Abby's been dragging her feet through lessons. The math drill sheets take her f o r e v e r to finish. I chalk it up to daydreaming. If I don't point to every problem on the sheet and remind her to move on, she'll start to wander off into her own world. Seriously, these lessons should not take two hours to finish. Part of her slump is caused by starting the actual reading lessons in OPTGR. The lessons make her frustrated and she finds them hard, and anything Abby finds hard, she'll fight tooth and nail not to do. So I'm dragging her through them. Remember how long it took us to get through the short vowel sounds? Months! Once the material clicks for her, we'll be rolling again. Whenever I discuss a hard patch with people, I always get the "well, if she were in school this wouldn't happen." Really??! Because I know my daughter, and if someone is not there to nudge her through the hard stuff, she'll just guess or stop and daydream. And when Abby's in a room with other kids, she is totally consumed and fascinated by the other kids. How will she ever focus on work? Anyways... (and I don't want my daughter to be afraid of hard work.)
Yesterday, Abby and I realized she has a loose tooth! It still has a good couple of weeks before it's ready to come out. When I saw it wiggle, I nearly came to tears. Abby is growing up. Losing baby teeth puts that final nail in the end of babyhood.
Vera got a hair cut. It's a short and stacked in the back. Brushing her hair in the morning takes two seconds, and it's over before she has a chance to protest. Her hair was a complete mess with uncontrollable knots in the back. The stylist who did Vera's hair kept telling me to brush it wet with conditioner and not to let her go to bed with wet hair. Duh! DUH! I know how to brush hair! It wasn't an issue of me not knowing how to brush her hair, it was Vera REFUSING to let me or Scott or even Abby from brushing her hair. And lady, thanks for the advice of pinning my kid down and brushing it out, I'm sure Vera would LOVE that. (insert eye roll)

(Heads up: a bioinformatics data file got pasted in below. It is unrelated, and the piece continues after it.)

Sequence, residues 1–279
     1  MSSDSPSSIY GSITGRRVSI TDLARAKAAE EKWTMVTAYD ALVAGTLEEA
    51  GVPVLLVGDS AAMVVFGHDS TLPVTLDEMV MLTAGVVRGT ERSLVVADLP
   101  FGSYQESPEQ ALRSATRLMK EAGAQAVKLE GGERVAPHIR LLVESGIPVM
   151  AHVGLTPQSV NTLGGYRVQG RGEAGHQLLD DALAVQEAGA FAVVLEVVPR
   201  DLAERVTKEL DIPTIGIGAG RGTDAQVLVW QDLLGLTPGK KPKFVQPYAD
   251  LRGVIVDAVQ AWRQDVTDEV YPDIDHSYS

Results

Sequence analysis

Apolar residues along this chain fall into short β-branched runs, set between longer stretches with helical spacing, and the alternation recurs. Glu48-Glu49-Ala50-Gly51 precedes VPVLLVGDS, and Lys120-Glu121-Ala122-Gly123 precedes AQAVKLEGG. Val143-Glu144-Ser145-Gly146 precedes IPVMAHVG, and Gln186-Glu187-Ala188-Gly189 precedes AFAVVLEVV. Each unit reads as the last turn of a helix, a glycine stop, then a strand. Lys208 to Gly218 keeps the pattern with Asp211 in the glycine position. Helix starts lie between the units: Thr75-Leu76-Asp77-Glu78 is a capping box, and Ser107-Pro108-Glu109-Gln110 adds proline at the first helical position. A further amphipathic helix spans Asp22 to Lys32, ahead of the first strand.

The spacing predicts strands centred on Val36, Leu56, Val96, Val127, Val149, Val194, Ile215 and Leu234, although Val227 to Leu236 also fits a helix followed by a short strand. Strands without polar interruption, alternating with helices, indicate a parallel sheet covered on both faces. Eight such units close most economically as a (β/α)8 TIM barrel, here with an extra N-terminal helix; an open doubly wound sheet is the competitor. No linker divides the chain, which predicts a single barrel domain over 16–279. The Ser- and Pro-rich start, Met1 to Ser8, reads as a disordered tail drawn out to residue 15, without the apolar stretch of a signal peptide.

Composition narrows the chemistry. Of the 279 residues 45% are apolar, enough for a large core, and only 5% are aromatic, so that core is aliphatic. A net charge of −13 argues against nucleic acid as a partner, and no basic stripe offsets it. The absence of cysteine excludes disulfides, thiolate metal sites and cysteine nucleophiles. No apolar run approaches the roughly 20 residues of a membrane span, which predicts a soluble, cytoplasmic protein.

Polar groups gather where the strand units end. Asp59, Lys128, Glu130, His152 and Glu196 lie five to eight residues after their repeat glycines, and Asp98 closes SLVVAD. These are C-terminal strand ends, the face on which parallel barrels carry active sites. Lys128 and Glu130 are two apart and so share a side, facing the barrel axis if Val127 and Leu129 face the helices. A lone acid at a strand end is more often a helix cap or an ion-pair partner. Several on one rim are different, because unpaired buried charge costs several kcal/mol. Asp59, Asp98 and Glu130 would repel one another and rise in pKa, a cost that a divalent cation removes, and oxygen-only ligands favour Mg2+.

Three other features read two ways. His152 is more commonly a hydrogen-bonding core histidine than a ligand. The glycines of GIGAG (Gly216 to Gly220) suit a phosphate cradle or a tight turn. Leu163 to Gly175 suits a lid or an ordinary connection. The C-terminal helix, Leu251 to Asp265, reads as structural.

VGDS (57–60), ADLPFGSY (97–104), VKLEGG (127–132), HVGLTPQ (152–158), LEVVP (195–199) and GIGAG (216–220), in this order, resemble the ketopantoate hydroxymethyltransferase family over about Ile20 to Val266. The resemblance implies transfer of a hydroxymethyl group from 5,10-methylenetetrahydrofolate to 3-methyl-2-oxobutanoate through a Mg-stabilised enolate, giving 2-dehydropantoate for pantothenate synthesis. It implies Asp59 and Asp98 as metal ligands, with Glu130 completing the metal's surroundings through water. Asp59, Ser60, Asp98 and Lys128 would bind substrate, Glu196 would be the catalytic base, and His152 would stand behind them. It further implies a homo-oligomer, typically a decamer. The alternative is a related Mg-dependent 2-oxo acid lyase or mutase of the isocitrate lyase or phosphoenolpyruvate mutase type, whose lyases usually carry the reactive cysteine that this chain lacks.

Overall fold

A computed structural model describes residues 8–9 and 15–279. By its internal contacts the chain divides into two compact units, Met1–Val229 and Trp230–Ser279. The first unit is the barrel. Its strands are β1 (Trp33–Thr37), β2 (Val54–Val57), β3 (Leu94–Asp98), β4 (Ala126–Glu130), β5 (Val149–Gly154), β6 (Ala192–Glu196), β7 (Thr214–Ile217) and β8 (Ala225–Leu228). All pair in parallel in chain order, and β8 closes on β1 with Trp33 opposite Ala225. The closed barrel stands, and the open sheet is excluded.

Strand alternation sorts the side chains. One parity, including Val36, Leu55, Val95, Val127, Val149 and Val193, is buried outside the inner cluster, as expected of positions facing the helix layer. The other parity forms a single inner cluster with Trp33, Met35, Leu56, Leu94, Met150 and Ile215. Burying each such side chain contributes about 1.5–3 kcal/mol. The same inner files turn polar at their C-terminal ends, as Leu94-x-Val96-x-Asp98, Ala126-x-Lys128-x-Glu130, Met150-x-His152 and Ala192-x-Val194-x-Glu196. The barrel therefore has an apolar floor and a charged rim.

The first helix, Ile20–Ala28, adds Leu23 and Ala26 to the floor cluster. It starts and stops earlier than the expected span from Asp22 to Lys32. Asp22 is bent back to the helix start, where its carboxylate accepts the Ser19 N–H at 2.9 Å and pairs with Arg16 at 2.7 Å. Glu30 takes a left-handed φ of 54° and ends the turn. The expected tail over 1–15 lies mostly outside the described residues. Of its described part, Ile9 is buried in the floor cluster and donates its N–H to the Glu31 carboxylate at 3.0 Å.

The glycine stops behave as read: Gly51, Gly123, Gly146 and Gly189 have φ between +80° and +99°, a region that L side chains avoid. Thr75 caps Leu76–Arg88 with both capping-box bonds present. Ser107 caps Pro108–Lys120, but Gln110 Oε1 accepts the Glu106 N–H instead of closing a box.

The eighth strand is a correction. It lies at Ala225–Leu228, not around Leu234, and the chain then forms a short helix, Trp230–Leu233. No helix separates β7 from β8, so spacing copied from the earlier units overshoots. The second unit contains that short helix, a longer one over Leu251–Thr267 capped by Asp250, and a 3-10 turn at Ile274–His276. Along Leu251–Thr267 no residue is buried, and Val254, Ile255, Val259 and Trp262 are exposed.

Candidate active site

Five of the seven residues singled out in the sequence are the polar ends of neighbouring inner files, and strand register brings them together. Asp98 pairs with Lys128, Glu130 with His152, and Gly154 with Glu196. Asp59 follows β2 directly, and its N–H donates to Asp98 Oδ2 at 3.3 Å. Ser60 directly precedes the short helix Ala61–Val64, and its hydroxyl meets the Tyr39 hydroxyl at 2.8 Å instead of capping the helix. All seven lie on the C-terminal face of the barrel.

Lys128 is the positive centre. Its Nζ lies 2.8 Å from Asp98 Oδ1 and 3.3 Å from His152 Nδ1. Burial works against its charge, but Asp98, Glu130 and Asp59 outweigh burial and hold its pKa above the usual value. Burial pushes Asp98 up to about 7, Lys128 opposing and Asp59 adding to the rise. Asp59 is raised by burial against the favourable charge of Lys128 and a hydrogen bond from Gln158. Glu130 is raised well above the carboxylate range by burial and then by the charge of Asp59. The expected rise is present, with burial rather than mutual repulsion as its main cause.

A friend recommended a book titled, Marshmallow, and it's become our favorite book. It's about a house rabbit and a cat who become wonderful friends and it's a true story. Marge got a much bigger liter box. It was the biggest open top liter box I could find at Petco. The large box has made a huge difference in how much I have to change the newspaper and sweep up hay from the floor. I was changing her papers pretty much every day and we were rocking through hay at a fast pace. The papers went three days and the bottom papers were still dry. I'm pretty sure Marge could hold a bunny party in that box. Marge is one spoiled rabbit. The groceries from Fresh Direct came in cardboard boxes and the girls arranged them into apartments for their animals, and when they were done playing, Marge took the liberty of romping through them.
I'm reading 'The Death and Life of the Great American School System" http://www.amazon.com/Death-Great-American-School-System/dp/0465014917/ref=sr_1_1?ie=UTF8&s=books&qid=1273858116&sr=1-1 and so far it's fascinating. She uses New York City schools as an example of how data, and testing, and choice undermine students. I had never heard of constructivist math and Balanced Literacy, but they sound terrifying. https://www.wrightgroup.com/everydaymath/index.html?cat=37 Everyday Mathematics is a program based on constructivist math. Here's a quick overview- http://www.rationalamerican.com/rp.org/archives/math.html I'm going to stick to my traditional Saxon Math. I want my girls to have a strong foundation in math, so when we reach those higher grades, my girls will be more than ready to tackle anything.